A su­perb ‘Car­men’

Malta Independent - - STAGE - Ce­cilia Xuereb

A last-minute change of singer for the ti­tle-role of the opera Car­men by Bizet at the Aurora The­atre in Gozo brought in mezzo-so­prano Ok­sana Volkova from the Bol­shoi The­atre in Moscow. Rather than a draw­back this might have been the best thing that could have hap­pened to this pro­duc­tion for it is dif­fi­cult to imag­ine a bet­ter Car­men than Volkova. This singer has it all: she has a beau­ti­ful well-trained ex­pres­sive voice that she can modulate at will, she has spirit and she can act.

The opera, with its ex­cel­lent li­bretto by Meil­hac and Halevy, has el­e­ments of the re­al­ism that had just come into fash­ion at the time of its com­po­si­tion. But un­der­neath this re­al­ism is an archty­pal am­biva­lence. The pro­tag­o­nist pos­sesses at the same time both se­duc­tive­ness and de­struc­tive­ness. She is dan­ger­ous to any man, but she is also dan­ger­ous to her­self. She steals the first scene with her taunt­ing Ha­banera. At this point of the story Don José thinks him­self im­mune, but he is nev­er­the­less dis­turbed enough to take her for a witch. By Act II he is thor­oughly be­sot­ted and com­pro­mised and his only refuge is in the moun­tains with the gypsy band. In a haunt­ingly beau­ti­ful and tense scene that con­cludes the act the cards fore­tell Car­men’s death and she, with a quite gen­uine self­knowl­edge ac­cepts it as some­how built into the very struc­ture of her char­ac­ter. From this point on­wards the au­di­ence ac­cepts her in the knowl­edge that she can­not help her­self. Her great­ness lies in her will­ing­ness to be Car­men. For this rea­son I did not quite agree with the artis­tic direc­tor’s de­ci­sion to make her wear black for her fi­nal scene rather than the tra­di­tional bright colours, more of­ten than not red. Car­men is no tragic hero­ine: she dies free and un­van­quished. The real tragedy is Don José’s who finds him­self alone bereft of all that he had held dear – ca­reer, love and fam­ily and even his own dig­nity to the point of be­com­ing a mur­derer. José’s tragedy was em­pha­sised in the pro­duc­tion by having the fi­nale played on a bare stage with just Don José mourning his own fate over the life­less body of Car­men.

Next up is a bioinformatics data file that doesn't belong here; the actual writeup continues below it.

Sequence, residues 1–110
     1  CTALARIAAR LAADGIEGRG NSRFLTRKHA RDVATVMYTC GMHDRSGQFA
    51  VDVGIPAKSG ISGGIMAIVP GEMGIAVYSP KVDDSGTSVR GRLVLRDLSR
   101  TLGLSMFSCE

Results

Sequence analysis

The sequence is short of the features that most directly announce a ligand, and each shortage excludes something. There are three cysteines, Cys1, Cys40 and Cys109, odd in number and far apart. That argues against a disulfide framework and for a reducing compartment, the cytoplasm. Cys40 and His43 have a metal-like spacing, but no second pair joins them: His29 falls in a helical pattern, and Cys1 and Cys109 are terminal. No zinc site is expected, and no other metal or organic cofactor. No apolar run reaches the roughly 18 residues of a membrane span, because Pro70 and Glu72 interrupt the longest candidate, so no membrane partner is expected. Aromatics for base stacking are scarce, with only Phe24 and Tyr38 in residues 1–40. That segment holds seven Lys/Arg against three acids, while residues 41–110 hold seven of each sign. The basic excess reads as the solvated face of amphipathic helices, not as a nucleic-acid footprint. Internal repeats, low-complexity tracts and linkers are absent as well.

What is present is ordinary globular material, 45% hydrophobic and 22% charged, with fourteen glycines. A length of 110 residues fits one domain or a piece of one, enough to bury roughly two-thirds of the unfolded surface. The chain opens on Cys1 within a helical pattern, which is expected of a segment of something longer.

Un­like the other ma­jor charc­ters in the opera, Car­men has no scene to her­self: she shares all her ma­jor scenes with other char­ac­ters and with the cho­rus. This Car­men, how­ever needed no show-stop­per in that sense. Al­though the prin­ci­pals in this pro­duc­tion were strong they stood lit­tle chance next to her and without in any way try­ing to up­stage any of them she out­shone them all. Only in the beau­ti­ful quin­tet in Act II was there a feel­ing of real co­he­sion be­tween the singers. So­prano Mad­ina Kar­beli as Frasquita, mezzo Lara Rotil as Mer­cédès, tenor Ed­uardo San­ta­maria Al­varez es El Dan­caire and bari­tone Gabriele Ribis as El Re­men­dado played and sang beau­ti­fully off one an­other and off Volkova.